Simple mistake by UJ costs NSFAS students thousands

  • A small error by the University of Johannesburg has caused NSFAS to pay beneficiaries much less for their monthly allowances.
  • NSFAS beneficiaries attending UJ have only been receiving R330 monthly instead of R1 650.
  • The error has yet to be fixed with NSFAS saying that it is up to UJ.

The University of Johannesburg (UJ) mistakenly uploaded incorrect registration data during the upload period ahead of the 2024 academic year, which has resulted in incorrect allowance amounts paid out to students of the university, the National Student Financial Aid Scheme (NSFAS) said on Tuesday.

Instead of uploading the right allowance amount to be paid to each student for the entire academic year, R16 500, those registering the data at UJ instead input R3 300 – which is the amount for meal allowance.

This meant that NSFAS’ automatic payment technology split the R3 300 by 10, representing the 10 yearly payments. Consequently, beneficiaries of NSFAS who attend UJ have been receiving only R330 every month since the beginning of the academic year.

Universities begin classes in February, and NSFAS has only discovered the payment mistake now in April, two months later. Instead of receiving R3 300 for the last two months, UJ beneficiaries have only received R660 for which they have had to make due for their living expenses.

“The implications of the incorrect allowance payment are significant. Students who received lower allowances than expected are likely to be dissatisfied,” NSFAS said, in what is surely the understatement of the year.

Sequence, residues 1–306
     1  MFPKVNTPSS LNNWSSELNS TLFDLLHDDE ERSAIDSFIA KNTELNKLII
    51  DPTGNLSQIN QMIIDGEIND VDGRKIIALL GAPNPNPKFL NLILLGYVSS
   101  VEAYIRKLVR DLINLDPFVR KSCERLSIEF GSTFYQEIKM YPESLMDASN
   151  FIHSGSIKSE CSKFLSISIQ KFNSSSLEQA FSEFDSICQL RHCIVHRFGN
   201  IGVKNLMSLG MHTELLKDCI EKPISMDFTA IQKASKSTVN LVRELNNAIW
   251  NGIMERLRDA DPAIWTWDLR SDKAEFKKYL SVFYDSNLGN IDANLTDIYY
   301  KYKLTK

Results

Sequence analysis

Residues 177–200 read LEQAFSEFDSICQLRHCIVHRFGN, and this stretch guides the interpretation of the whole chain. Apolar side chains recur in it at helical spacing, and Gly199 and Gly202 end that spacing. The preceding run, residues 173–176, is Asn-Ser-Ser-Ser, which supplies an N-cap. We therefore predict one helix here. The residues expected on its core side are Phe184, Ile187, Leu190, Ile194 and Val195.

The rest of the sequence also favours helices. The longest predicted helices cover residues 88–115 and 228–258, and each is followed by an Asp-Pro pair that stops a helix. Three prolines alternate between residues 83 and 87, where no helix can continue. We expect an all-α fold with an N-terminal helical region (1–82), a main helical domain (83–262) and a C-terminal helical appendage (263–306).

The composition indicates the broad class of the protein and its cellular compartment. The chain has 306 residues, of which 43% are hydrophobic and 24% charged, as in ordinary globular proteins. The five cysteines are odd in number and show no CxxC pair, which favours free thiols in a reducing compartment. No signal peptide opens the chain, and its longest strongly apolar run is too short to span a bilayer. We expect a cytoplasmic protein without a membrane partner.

“This dissatisfaction may lead to protests and a negative perception of the NSFAS direct payment process,” the scheme adds. “Negative perceptions” about the system and protest action have been going on since the direct payment system was launched in July 2023.

NSFAS and UJ have yet to fix the problem

“Rectifying the error will require efforts from UJ. Staff will need to investigate the issue, communicate with affected students, and process corrections in the system,” NSFAS said. However, instead of worrying about the disadvantaged young people who have had to make every cent count, NSFAS is more concerned about its already tarnished public image.

“There is a reputational risk associated with this incident,” it said. “The NSFAS disbursement process might come under scrutiny and be blamed for UJ’s error. Negative publicity can impact NSFAS’s image and erode public trust in its operations.”

Newsflash, NSFAS, there is no more public trust for your operations. You need only head to your comment section on X to find that out. The scheme is making it clear that UJ is responsible for the error, and is quick to shift the onus of the fix on the university, but the truth is the culprit of this issue is NSFAS.

The culprit is NSFAS’ dire lack of serious financial controls and oversight. For an entity that handles around R50 billion in taxpayer money, the scheme has shown time and again that it is unable to properly disburse payments to students.

In May last year, South Africa’s anti-corruption task force managed to get back over R300 million in unallocated NSFAS funds from universities and TVET colleges around the country. The task force attributed the missing funds to lacklustre controls at NSFAS.

Furthermore, NSFAS’ chaotic operations leave its million-plus beneficiaries in the dark most of the time. Thousands of desperate young people flood its channels and those of its fintech partners asking for help and information on the daily.

There is still no answer from NSFAS on the expected new payment system or why it has yet to fire its four fintech partners. In fact, why was UJ inputting registration data at all this year, when it is up to Norraco to register UJ students and facilitate their payment? At least that’s why it and three other fintech were handed a R5 billion contract last year, according to OUTA.


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